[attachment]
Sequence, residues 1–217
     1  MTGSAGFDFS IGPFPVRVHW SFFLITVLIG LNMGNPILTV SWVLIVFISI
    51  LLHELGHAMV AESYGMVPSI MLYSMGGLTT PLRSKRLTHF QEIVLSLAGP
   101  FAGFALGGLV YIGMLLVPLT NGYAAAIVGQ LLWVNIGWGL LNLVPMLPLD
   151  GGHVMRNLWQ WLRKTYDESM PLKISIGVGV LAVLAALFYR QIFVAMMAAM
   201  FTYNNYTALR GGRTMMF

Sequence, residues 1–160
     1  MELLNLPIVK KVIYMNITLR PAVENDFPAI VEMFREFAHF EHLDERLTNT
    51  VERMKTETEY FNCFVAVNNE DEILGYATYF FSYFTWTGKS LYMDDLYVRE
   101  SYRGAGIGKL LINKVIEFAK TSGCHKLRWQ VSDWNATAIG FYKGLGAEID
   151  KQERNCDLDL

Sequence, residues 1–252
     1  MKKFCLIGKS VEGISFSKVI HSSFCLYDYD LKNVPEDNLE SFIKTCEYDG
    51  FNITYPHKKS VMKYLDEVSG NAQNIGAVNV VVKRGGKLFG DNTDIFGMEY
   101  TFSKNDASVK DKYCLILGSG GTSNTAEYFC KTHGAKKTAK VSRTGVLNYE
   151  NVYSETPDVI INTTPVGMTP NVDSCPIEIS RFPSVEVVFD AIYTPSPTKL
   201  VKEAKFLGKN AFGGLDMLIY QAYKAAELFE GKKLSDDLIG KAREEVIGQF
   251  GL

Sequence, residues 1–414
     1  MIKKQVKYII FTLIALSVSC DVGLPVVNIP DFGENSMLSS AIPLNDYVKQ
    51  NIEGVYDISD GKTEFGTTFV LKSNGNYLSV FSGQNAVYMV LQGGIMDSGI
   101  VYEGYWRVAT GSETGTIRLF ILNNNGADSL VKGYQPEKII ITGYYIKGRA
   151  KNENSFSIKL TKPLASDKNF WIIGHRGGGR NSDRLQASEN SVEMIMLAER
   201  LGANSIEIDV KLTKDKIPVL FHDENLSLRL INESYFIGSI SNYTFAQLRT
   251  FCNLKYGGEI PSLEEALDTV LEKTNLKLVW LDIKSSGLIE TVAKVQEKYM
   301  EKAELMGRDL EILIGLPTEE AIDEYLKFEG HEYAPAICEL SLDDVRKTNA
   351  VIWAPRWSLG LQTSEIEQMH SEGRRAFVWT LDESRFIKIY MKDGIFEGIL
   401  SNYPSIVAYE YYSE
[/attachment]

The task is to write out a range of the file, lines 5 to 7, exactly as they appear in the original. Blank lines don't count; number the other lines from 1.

   151  GGHVMRNLWQ WLRKTYDESM PLKISIGVGV LAVLAALFYR QIFVAMMAAM
   201  FTYNNYTALR GGRTMMF

Sequence, residues 1–160